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Found 7 results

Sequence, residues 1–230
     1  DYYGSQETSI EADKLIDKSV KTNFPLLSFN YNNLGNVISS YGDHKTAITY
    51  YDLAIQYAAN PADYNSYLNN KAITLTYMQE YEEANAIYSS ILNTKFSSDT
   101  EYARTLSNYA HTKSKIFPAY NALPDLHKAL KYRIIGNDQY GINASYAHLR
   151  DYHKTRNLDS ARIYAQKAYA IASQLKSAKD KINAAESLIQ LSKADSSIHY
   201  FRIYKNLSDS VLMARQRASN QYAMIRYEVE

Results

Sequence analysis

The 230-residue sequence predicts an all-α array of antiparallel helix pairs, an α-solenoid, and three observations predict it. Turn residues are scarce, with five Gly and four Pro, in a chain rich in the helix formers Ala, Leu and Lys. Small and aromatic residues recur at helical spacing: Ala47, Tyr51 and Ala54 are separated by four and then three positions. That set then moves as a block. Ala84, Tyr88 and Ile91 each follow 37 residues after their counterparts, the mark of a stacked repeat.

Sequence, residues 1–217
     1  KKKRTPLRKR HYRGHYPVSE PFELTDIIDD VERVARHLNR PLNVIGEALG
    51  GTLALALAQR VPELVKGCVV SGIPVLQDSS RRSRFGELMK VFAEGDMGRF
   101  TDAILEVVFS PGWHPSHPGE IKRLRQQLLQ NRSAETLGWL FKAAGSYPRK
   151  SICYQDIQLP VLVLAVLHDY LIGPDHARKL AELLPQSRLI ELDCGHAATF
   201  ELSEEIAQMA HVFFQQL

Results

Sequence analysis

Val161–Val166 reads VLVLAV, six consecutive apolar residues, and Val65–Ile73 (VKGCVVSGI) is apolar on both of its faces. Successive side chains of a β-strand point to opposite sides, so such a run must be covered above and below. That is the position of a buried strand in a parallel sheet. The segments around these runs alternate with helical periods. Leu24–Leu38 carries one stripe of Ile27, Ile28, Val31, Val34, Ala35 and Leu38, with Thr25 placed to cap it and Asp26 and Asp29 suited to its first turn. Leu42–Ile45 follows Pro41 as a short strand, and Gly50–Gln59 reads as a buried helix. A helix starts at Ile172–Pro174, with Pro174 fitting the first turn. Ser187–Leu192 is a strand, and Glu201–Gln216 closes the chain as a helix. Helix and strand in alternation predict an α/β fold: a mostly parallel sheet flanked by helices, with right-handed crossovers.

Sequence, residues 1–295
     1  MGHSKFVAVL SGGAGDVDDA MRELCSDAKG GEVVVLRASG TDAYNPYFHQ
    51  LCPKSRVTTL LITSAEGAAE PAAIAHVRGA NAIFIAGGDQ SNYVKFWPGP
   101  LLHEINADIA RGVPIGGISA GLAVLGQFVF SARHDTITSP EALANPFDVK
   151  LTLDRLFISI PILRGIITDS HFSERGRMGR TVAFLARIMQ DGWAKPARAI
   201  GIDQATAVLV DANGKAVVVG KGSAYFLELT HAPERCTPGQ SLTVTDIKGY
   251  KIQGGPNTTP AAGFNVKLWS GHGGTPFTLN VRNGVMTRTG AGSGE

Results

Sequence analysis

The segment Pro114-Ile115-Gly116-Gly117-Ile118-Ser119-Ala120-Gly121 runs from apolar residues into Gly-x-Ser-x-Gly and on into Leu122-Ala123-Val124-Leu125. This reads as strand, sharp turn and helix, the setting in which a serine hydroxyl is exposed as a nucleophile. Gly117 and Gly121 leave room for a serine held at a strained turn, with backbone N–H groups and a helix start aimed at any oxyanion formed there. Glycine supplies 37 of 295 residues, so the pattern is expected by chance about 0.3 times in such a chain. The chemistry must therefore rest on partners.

1. Hi everyone, I have a tricky one here. I have a widget I placed on a site, which, as usual, comprises a few lines of HTML and a line of Javascript. It is a widget through which people can send requests to a radio station, and then it shows whether your request went through, or failed (in case the requested song does not exist in the repertoire list of the radio), in which case it emails the request to the radio station. This is the HTML: <form class="cc_request_form" data-username="ckhnsbvf"> <div data-type="result"></div> Song artist: <input type="text" name="request[artist]" size="40" maxlength="127" /><br /> Song title: <input type="text" name="request[title]" size="40" maxlength="127" /><br /> Bestemd voor: <input type="text" name="request[dedication]" size="40" maxlength="127" /><br /> Your name: <input type="text" name="request[sender]" size="40" maxlength="127" /><br /> Uw e-mail adres: <input type="text" name="request[email]" size="40" maxlength="127" /><br /> <input type="button" value="Verstuur aanvraag" data-type="submit" /><br /> </form> And this is the Javascript: <script language="javascript" type="text/javascript" src="http://solid33.streamupsolutions.com:2199/system/request.js"></script> As usual, the Javascript is supposed to be inserted just before the </body> tag. So far, so good, now for the issues: to begin with, I had to change the "http:" in the Javascript to "https:", or nothing would work. Then, the widget started working intermittently, and now, it does not seem to do anything, except when you send a failed request, it shows your request went through sucessfully. There is one more suspicion I have: the site in question uses Bootstrap (CDN version), would it be possible the Javascript conflicts with JQuery or something? Before the </body> tag there is this reference to JQuery *which comes immediately after the Javascript for the widget): <script src="https://code.jquery.com/jquery-3.4.1.slim.min.js" integrity="sha384-J6qa4849blE2+poT4WnyKhv5vZF5SrPo0iEjwBvKU7imGFAV0wwj1yYfoRSJoZ+n" crossorigin="anonymous"></script> <script src="https://cdn.jsdelivr.net/npm/popper.js@1.16.0/dist/umd/popper.min.js" integrity="sha384-Q6E9RHvbIyZFJoft+2mJbHaEWldlvI9IOYy5n3zV9zzTtmI3UksdQRVvoxMfooAo" crossorigin="anonymous"></script> <script src="https://stackpath.bootstrapcdn.com/bootstrap/4.4.1/js/bootstrap.min.js" integrity="sha384-wfSDF2E50Y2D1uUdj0O3uMBJnjuUD4Ih7YwaYd1iqfktj0Uod8GCExl3Og8ifwB6" crossorigin="anonymous"></script> I have also tried to put the widget Javascript after the above, no difference. Does any of this make any sense or has anyone come across this before? The widget can be seen working on https://www.vlaamseradio.tk/verzoek.html it is the form near the bottom. Any help will be very much appreciated.